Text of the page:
The Wall Street Journal penned an entertaining piece yesterday the outcome to this ongoing
entitled AOL’s loose cannon: Justin Frankel. Frankel is the
twenty-something who cooked up the music company Nullsoft, which America Online
acquired last year for $100 million in stock. He’s both
irreverent and wildly popular amongst the open source community for his
many side projects that include most notably, the peer-to-peer music
swapping software Gnutella.
Sure he’s a headache for AOL. Every time the ISP turns around, Frankel’s
off working on some other politically incorrect grassroots scheme. And
that’s where the clash really occurs. He’s grassroots, while AOL’s all
about the corporate culture. However, Frankel’s boss is content to look the
other direction, because frankly, he’d be a nightmare if he left to strike
out on his own. But the WSJ missed the story behind the story. You probably
can’t see it yet, but it’s right there in plain view. Spokespeople for AOL
may say otherwise, but here’s why the Internet graybeard likely takes
Frankel’s antics as serious as a heart attack.
Everyone’s been closely following the blockbuster merger – err –
acquisition of Time Warner
by America Online. But
do people really understand what the deal means? In two words, pipes
and promotion. While AOL enjoys unfettered access to Time Warner’s
fat pipes, the Internet access giant will simultaneously roll out ambitious
plans to push every last one of Time Warner’s existing and future media
properties, and in turn, those properties will tout AOL. So how come that
makes Frankel a boil on AOL’s butt? Hold on, I’m getting there.
Remember all those acquisitions AOL has been making in the last couple
years? You know, $100 million for Nullsoft, which owns the popular MP3
player WinAmp, $300 million for
Israel-based ICQ instant messaging, and of
course, the $4 billion land-grab of Netscape. Start weaving these seemingly
unrelated acquisitions together, and watch them all begin promoting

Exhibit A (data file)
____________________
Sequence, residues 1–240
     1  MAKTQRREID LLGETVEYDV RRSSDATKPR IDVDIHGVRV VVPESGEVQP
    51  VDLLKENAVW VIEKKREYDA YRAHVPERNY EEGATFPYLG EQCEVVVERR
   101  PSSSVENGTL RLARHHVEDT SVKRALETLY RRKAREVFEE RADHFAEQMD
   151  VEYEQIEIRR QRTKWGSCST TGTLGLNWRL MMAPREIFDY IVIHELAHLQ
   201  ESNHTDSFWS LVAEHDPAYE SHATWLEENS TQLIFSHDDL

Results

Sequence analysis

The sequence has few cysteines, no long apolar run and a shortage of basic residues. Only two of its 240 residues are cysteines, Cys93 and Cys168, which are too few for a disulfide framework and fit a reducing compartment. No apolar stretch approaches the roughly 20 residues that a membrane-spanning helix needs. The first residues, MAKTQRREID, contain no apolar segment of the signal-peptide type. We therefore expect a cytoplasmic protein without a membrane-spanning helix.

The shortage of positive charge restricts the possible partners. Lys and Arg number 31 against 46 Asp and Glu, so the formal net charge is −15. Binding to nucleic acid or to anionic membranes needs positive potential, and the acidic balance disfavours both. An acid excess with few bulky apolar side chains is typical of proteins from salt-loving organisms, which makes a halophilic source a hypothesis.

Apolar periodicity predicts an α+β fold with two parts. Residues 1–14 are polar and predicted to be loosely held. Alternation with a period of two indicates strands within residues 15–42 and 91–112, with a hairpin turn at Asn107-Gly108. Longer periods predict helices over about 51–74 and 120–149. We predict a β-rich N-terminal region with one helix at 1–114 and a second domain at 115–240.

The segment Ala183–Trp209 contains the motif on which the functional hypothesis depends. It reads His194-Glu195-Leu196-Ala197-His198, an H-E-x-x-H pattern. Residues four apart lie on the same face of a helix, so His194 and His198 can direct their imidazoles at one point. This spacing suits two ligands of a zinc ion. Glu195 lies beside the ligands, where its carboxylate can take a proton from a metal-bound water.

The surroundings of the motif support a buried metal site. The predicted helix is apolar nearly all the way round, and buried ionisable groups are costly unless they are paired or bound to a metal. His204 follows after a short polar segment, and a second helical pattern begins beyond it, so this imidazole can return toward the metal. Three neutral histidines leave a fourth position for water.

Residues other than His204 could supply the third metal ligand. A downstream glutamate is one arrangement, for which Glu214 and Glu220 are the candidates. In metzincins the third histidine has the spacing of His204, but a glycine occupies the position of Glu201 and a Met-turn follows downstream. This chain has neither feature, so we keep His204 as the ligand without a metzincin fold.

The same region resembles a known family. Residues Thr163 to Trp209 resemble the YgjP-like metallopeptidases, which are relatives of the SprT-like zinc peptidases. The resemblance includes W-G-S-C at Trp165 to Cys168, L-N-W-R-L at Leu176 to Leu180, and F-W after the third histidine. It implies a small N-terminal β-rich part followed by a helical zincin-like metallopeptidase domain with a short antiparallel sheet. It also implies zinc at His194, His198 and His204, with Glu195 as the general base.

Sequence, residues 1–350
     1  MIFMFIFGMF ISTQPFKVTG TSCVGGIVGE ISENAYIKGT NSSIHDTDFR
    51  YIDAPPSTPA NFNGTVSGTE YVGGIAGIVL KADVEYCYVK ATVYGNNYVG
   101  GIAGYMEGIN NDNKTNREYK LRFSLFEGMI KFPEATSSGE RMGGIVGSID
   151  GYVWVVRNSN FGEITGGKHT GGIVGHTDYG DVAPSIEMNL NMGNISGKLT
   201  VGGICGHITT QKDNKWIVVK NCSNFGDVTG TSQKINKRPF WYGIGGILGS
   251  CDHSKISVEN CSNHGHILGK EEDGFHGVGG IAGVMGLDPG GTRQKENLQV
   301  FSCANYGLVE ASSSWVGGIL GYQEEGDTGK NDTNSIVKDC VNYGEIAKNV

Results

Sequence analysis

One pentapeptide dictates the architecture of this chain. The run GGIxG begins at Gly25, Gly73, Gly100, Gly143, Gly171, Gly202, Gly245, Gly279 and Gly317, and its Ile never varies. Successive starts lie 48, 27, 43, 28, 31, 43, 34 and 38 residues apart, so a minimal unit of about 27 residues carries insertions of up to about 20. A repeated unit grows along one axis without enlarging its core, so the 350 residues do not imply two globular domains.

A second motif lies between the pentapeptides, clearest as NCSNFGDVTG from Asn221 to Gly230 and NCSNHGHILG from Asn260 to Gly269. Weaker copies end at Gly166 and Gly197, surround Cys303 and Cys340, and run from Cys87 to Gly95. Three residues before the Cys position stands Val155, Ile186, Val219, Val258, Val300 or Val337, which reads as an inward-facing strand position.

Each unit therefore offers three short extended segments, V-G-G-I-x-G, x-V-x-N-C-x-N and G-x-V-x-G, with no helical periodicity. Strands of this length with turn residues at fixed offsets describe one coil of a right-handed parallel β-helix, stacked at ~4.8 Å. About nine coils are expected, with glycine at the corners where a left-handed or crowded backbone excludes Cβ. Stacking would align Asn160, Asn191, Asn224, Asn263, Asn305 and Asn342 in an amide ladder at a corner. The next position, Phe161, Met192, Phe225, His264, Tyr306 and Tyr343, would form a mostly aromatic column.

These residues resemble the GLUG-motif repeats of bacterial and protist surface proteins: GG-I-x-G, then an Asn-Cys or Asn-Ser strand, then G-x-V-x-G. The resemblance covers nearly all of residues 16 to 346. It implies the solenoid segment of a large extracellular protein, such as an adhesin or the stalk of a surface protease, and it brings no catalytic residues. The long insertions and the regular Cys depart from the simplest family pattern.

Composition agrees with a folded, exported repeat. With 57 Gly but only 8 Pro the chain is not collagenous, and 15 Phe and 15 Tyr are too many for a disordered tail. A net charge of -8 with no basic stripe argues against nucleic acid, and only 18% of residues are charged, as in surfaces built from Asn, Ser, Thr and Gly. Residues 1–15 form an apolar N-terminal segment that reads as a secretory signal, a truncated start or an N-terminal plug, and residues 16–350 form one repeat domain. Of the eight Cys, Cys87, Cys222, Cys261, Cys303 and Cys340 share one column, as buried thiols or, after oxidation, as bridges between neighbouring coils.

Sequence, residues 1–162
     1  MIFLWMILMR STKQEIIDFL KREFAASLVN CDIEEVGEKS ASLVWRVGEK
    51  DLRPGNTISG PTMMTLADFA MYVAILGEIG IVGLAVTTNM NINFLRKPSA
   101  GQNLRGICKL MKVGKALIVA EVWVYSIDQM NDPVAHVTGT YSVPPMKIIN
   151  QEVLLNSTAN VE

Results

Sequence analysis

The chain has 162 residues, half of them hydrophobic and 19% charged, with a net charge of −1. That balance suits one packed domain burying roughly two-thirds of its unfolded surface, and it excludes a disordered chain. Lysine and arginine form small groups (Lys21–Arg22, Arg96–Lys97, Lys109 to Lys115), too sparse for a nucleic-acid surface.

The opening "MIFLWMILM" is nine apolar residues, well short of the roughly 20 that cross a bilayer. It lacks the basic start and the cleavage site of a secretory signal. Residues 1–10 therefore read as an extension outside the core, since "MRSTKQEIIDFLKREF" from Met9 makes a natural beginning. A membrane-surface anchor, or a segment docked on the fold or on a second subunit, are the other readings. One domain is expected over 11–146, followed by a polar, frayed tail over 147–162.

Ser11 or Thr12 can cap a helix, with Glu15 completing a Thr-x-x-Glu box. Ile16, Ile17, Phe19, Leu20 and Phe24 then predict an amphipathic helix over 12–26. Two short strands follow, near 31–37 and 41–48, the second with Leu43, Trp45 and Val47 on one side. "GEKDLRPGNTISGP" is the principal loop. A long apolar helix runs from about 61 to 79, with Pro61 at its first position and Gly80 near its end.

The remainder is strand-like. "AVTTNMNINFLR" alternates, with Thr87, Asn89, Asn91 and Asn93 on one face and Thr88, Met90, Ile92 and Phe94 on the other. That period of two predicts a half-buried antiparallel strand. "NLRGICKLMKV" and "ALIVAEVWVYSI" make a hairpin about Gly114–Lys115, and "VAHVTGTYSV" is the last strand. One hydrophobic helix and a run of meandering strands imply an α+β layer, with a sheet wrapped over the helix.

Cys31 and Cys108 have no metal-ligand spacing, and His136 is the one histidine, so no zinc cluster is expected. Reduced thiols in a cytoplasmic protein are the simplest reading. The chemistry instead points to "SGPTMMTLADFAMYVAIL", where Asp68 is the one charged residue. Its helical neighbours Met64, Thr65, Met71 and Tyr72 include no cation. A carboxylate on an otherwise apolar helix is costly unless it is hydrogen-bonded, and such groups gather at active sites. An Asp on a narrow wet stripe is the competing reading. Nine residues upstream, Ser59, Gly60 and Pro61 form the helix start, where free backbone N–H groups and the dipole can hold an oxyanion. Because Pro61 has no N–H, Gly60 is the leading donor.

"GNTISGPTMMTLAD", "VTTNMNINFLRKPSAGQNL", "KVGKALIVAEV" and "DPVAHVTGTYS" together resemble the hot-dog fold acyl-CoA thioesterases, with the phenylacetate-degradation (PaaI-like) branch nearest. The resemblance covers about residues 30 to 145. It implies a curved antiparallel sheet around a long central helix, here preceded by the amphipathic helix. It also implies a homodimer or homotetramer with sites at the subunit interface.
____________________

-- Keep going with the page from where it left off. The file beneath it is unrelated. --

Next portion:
everything from Time Warner books to movies to music. Now which of the
three aforementioned, books, movies, or music, lends itself best to both
distribution and promotion over the Internet? If you said music –
play it again Sam.
While Napster’s been busy fighting the
good fight, AOL and Time Warner are quietly finalizing plans to hawk MP3s
from artists under the vast umbrella of Time Warner’s music labels. I’d say
before the end of the year, barring any unforeseen potholes on the road to
this mega-merger, it will happen. But two loose cannons need to be muzzled
in order for that initiative to be successful. First, Napster needs to go
the way of the do-do. And second, AOL needs to put a leash on Justin “music
wants to be free” Frankel.
Frankel first stirred the pot when he created the Napster-on-steroids
peer-to-peer music swapping software, Gnutella. And his latest stunt was
the release of AIMazing v0.4, a plug-in that blocks advertisements on AOL’s
instant messenger. When the WSJ brought it to AOL’s attention, a
spokeswoman shrugged it off. But within an hour, the plug-in was yanked off
the Web. You can bet that higher-ups at AOL are fuming over Frankel’s
persistent hijinks for good reason. Whether he knows it or not, he’s close
to jeopardizing a lucrative new revenue stream for AOL.
But don’t count on the ISP to cut the programming aficionado loose anytime
soon. As the old saying goes, keep your friends close and your enemies
closer. AOL’s seen what Frankel can do when he’s gainfully employed.
There’s no telling what a crackerjack programmer like Frankel might do if
he takes the kid gloves off. And regardless of
tug-o-war, one thing’s for certain – it’s more fun to watch than a barrel
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the outcome to this ongoing